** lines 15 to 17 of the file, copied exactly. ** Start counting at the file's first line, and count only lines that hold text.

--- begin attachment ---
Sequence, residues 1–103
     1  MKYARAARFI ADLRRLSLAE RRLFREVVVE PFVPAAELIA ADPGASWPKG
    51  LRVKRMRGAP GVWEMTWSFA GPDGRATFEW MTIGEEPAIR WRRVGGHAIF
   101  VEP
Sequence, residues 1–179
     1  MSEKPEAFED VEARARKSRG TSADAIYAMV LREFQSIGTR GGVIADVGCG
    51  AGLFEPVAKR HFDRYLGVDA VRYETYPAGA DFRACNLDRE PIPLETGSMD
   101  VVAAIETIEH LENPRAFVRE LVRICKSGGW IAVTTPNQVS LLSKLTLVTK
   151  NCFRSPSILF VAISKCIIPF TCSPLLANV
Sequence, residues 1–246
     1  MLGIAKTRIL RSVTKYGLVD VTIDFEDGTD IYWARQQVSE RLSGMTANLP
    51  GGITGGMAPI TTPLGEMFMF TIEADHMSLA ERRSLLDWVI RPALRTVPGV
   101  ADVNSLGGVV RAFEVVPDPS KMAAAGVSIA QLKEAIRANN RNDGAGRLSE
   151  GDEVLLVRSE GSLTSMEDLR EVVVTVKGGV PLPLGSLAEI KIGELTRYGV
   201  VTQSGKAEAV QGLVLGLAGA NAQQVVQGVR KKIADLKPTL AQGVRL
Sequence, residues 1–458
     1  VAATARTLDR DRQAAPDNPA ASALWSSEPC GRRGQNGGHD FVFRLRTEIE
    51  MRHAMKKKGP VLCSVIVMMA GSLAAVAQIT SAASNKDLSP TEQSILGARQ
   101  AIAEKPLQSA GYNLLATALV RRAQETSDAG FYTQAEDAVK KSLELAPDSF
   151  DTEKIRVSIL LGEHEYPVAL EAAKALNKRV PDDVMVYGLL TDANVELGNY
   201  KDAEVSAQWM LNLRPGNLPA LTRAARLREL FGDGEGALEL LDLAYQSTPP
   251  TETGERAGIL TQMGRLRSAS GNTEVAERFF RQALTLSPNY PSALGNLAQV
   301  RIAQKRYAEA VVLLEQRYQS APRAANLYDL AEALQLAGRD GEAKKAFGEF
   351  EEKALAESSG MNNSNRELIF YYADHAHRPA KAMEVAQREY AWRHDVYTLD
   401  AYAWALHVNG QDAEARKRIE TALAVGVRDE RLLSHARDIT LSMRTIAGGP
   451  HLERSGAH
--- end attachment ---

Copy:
   201  VTQSGKAEAV QGLVLGLAGA NAQQVVQGVR KKIADLKPTL AQGVRL
Sequence, residues 1–458
     1  VAATARTLDR DRQAAPDNPA ASALWSSEPC GRRGQNGGHD FVFRLRTEIE